Stack Overflow is a community of 4.7 million programmers, just like you, helping each other.

Join them; it only takes a minute:

Sign up
Join the Stack Overflow community to:
  1. Ask programming questions
  2. Answer and help your peers
  3. Get recognized for your expertise

I currently store user's inputs in comma separated lists like so:

Userid | Options
1      |  1,2,5

A user ticks a set of options in a form which is an array, which is then joined with a comma to make


Then MySQL is trying to find other users who some or all of the same options ticked on a different field name (although same table).

Currently I do this:

WHERE `choices` IN ('.$row['myoptions'].')

So this could be something like:

WHERE 1,2,5,8 IN (1,4,6)

This would return true because theres at least one value match right? Or have i got this confused..

share|improve this question
What is the datatype of the Options? – Starx Dec 2 '11 at 5:29
choices also have comma separated values or a single value??? – diEcho Dec 2 '11 at 5:30
@Starz datatype is obviously varchar – diEcho Dec 2 '11 at 5:31
you want the exact set of options will be matched or any of the options like your doing here. – punit Dec 2 '11 at 5:32
I think it will return True, ofcourse a tupple or so. – ScoRpion Dec 2 '11 at 5:32
up vote 8 down vote accepted

May be you are going the wrong way to do this.

The function FIND_IN_SET might be helpful if the options column type is SET.


SELECT * FROM yourtabe WHERE FIND_IN_SET('2', Options);

But, it will only let you compare one string at a time, in the above example, it compares if 2 is present in the rows. If you have to compare multiple values you cannot accomplish that by using FIND_IN_SET.

However, in your case, LIKE clause may be of use to.

May be something like

SELECT * FROM yourtable WHERE Options LIKE '%2,3%';

Now this will search for 2,3 value anywhere in the column, and give the result. But this also comes with another complication, it gives the result only if 2,3 is present side by side of each other, if the column has 2,1,3 or 2,4,5,3 or even 3,2 it will not list these records.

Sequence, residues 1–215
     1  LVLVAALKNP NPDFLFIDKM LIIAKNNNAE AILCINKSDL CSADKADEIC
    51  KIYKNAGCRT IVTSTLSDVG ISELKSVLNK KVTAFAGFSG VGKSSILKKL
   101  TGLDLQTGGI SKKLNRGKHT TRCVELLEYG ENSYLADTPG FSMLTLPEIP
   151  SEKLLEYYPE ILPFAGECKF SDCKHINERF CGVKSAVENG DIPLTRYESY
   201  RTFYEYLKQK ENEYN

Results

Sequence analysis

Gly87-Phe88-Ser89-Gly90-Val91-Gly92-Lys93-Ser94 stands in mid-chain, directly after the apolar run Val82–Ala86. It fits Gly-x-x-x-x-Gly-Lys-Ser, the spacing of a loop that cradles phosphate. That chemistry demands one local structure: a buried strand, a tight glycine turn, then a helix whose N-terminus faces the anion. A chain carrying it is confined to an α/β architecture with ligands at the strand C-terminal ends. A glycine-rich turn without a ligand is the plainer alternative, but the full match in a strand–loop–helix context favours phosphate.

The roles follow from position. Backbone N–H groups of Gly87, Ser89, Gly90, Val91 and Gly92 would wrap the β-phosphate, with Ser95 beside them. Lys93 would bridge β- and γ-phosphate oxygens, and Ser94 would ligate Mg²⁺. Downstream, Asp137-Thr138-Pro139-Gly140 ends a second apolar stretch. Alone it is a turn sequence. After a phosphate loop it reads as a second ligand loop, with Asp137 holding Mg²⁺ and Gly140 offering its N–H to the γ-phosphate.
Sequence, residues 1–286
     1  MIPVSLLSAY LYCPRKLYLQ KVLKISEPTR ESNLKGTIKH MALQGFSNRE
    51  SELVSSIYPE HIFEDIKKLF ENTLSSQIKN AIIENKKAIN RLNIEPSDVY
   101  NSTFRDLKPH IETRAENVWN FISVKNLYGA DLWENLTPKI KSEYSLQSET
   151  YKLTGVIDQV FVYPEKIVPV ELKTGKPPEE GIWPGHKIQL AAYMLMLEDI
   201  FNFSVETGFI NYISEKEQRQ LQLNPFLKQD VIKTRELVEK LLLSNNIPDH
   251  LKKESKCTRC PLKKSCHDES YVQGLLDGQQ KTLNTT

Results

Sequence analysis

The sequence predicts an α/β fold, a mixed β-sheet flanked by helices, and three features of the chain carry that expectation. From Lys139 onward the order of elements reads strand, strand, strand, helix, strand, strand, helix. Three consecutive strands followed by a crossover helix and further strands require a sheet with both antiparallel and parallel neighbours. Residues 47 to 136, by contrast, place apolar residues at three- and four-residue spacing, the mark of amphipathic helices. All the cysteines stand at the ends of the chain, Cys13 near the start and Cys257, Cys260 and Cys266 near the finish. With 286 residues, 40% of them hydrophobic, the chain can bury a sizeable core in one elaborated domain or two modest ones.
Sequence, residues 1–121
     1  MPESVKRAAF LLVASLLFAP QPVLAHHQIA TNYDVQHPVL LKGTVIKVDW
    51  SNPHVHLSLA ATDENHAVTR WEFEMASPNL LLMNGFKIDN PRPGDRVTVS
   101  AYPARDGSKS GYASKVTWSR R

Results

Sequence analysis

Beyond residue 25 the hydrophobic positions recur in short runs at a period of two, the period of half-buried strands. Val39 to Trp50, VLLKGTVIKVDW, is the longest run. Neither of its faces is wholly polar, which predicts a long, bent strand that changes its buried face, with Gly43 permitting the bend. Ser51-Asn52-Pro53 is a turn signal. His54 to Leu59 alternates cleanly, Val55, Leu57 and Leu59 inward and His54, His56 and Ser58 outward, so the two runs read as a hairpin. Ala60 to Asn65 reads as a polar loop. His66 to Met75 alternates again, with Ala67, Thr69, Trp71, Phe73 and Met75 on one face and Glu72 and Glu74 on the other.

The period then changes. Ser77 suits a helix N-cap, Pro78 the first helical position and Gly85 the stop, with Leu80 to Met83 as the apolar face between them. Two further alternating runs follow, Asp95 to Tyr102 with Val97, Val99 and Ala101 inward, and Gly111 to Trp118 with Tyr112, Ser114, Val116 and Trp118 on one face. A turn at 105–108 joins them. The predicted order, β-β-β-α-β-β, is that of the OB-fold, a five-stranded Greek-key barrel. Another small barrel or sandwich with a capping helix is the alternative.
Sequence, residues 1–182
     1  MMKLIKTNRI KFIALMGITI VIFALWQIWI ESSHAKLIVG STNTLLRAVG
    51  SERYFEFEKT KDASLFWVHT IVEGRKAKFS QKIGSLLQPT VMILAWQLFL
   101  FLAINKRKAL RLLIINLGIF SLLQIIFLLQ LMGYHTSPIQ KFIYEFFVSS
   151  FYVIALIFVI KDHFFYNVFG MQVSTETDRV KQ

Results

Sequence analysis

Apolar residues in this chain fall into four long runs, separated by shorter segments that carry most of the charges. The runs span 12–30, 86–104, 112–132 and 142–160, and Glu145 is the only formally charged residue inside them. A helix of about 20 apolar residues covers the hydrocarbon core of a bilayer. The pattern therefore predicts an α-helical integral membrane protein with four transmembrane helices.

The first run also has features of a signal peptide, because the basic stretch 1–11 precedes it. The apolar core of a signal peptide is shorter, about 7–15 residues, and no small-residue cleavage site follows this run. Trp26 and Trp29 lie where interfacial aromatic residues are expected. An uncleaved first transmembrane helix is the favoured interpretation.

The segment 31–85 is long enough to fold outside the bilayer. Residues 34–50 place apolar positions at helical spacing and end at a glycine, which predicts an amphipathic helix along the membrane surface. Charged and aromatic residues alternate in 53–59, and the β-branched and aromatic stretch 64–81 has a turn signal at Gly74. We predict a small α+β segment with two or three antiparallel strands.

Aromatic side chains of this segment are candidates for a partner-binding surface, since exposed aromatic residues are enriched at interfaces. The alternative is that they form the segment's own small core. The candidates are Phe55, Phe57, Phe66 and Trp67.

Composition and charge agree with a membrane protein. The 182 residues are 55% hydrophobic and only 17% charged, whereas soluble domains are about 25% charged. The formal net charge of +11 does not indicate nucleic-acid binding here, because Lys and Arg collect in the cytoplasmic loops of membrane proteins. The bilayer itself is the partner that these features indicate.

Now coming to your question

`WHERE `choices` IN (1,4,6)`, 

will translate to

WHERE `choices` = '1' OR `choices` = '4' OR `choices` = '6'

so it will return false


because your column contains not only 1 or 4 or 6 but 1,2,5 as one string. So all the comparisons above to return false

share|improve this answer
So my IN function is the best option as it will be comparing multiple fields? – Dave Dec 2 '11 at 5:38
OMG, i did a mistake, it will return false. I will explain it – Starx Dec 2 '11 at 5:51
So it will return false every time if a user tries to search more than one value with IN ? – Dave Dec 2 '11 at 5:53
That's where your datatype will matter the most. As varchar whether you compare single number or multiple only exact match with columns data will return true, if not it will return false. If single comparison is what you want then, SET is the best choice you have, see the example i provided. – Starx Dec 2 '11 at 5:57
You can see this previously asked question for extra information – Starx Dec 2 '11 at 5:58

I think you are not getting Confused. You are absolutely right this will return something (a tuple or more then one tuple) and that of-course is a True value. So Carry on....

share|improve this answer
So how can I if i provide the user an option to have an "exact" match? – Dave Dec 2 '11 at 5:32

I do not think this will return true.


when you do this, it will compare complete choices value to individual item inside IN

You might wanna have a look at find_in_Set function of MySQL

WHERE find_in_set(optionNumber1, choices) > 0 
OR find_in_set(optionNumber2, choices) > 0
OR find_in_set(optionNumber3, choices) > 0

You will have to make query in a loop in programming language you are using

share|improve this answer
Well this why im confused because have been suggesting both functions to me =/ – Dave Dec 2 '11 at 5:35
this is simple, no need to be confused, IN() will compare complete String on left Side with comma seperated strings on the right side. You might wanna use find_in_set function, but this way you will have to comapre one option at a time – Zohaib Dec 2 '11 at 5:42

I don't know where is choice column in which table, but have u tried this way

SELECT * FROM t1 WHERE `choices` > ANY (SELECT options FROM t2);


share|improve this answer
Well my query WHERE clause looks like this once compiled: gender IN (2) AND orientation IN (1,2) AND choices IN (1,2,4,5,7,8) The numbers in brackets are from $vars in PHP which were loaded from a row regarding current logged in user which happened to be from same table which were loaded earlier. – Dave Dec 2 '11 at 5:55

Your Answer


By posting your answer, you agree to the privacy policy and terms of service.

Not the answer you're looking for? Browse other questions tagged or ask your own question.